Am I just more attuned to news about criminal activity or, in fact, are fraud and other criminal acts escalating in the United States?
For example, New York's Attorney General Eric Schneiderman announced today the arrest of six home health care workers in New York City and Westchester who are accused of defrauding the New York State Medicaid Program. Among the felonies with which they are charged are identity theft, grand larceny and possession of forged documents for faking home-health care credentials and submitting false billings for services that were never rendered.
A former South Jersey financial adviser, who pleaded guilty in federal court to securities fraud in connection with a $41.2 million Ponzi scheme, was sentenced to 10 years in federal prison last week. Everett Miller, who ran Carr Miller Capital LLC in Marlton, NJ, also was ordered to pay more than $22 million in restitution.
An ambulance passenger entered a guilty plea in the federal government's ongoing probe of eight Philadelphia-area ambulance companies charged with filing fraudulent claims that have cost the Medicare program more than $18 million in the past five years. The owner of Philadelphia-based Brotherly Love Ambulance, Inc., which the passenger used, was sentenced to 64 months in prison last year for her role in bilking Medicare of more than $2 million in inappropriate claims.
In May, the owners of two South Jersey MRI facilities pleaded guilty to paying more than $30,000 to a doctor for patient referrals. According to charges brought by the U.S. Attorney's Office, the owners of Positioned Imaging Associates in Toms River and Tilton Dynamic Imaging in Northfield agreed to pay referrals that resulted in more than $115,000 in Medicare payments to their MRI companies,. The investigation was led by the FBI and the Department of Health and Human Services' Office of the Inspector General.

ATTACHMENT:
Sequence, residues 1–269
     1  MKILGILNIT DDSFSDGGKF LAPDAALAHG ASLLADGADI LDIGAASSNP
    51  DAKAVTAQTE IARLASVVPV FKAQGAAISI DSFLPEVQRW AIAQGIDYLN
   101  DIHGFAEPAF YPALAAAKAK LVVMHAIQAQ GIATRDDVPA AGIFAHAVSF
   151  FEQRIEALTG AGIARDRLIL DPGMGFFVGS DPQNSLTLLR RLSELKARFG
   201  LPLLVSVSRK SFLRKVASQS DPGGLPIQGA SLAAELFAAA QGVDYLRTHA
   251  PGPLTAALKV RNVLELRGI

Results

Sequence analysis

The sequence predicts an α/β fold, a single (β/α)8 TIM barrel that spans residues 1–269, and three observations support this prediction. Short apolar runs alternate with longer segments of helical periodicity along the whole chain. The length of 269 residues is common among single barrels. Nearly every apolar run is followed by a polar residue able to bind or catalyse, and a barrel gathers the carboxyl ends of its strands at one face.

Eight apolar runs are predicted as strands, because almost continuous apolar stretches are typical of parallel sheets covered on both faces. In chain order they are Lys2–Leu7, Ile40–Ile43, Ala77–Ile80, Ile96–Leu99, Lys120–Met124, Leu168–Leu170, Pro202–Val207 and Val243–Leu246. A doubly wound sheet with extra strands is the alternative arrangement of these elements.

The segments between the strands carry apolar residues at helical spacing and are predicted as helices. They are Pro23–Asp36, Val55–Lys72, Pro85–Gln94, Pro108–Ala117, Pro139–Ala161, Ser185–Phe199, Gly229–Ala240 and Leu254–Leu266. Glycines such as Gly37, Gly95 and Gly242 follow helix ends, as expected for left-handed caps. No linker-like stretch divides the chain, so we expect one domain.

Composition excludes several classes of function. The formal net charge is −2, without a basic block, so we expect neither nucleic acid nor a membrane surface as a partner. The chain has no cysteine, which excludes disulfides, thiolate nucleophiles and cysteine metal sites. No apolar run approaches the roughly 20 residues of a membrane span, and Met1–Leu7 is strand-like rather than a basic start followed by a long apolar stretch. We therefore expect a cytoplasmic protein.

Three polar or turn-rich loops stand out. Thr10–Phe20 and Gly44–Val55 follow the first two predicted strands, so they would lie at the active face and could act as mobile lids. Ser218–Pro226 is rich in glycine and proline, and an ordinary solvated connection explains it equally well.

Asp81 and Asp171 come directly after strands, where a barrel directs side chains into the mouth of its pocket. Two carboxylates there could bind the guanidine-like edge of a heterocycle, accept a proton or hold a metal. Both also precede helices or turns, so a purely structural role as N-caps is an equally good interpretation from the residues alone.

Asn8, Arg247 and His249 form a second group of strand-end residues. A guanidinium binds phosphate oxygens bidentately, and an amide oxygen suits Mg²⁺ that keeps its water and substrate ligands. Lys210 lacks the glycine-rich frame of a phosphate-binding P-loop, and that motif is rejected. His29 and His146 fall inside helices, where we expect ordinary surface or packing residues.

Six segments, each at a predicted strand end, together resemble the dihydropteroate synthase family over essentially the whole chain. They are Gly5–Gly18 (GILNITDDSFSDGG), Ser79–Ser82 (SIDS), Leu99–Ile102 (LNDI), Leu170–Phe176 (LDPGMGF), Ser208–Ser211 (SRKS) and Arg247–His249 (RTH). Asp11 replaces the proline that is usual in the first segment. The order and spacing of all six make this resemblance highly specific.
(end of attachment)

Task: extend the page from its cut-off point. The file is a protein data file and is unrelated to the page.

The Consumer Financial Protection Bureau's (CFPB) director, Richard Cordray, has issued a decision that Mount Laurel, NJ-based mortgage lender PHH Corp. illegally took kickbacks in exchange for referring consumers to mortgage insurers. He ordered the company to pay $109 million, which is all of the reinsurance premiums it received on or after July 21, 2008, when it is accused of starting to take the kickbacks. PHH has steadfastly denied taking kickbacks since the CFPB initiated the administrative proceeding in January 2014.
Then there is the lawsuit filed against the Cancer Fund of America, the Children's Cancer Fund of America, the Breast Cancer Society and Cancer Support Services by the Federal Trade Commission (FTC) and legal representatives from all 50 states and the District of Columbia for allegedly scamming donors of millions of dollars in donations. Several of the directors, operators and business associates of the charities also were charged in the scheme, which allegedly raised about $187 million in donations (see "Four Cancer Charities Charged with Scamming Donors of Millions of Dollars").
And let's not forget the major banks that once again committed fraud on an international scale and were fined billions of dollars — with no one going to jail for their criminal acts (see "Five Global Banks Plead Guilty to Manipulating Foreign Exchange Rates").
I wish there was something positive to say in ending this story, but I can't think of anything at the moment. Money seems to have corrupted our system in a variety of ways and its pursuit has led even "good men" to do bad things. We would like to hear your views on this situation.
Beau Weisman, Editor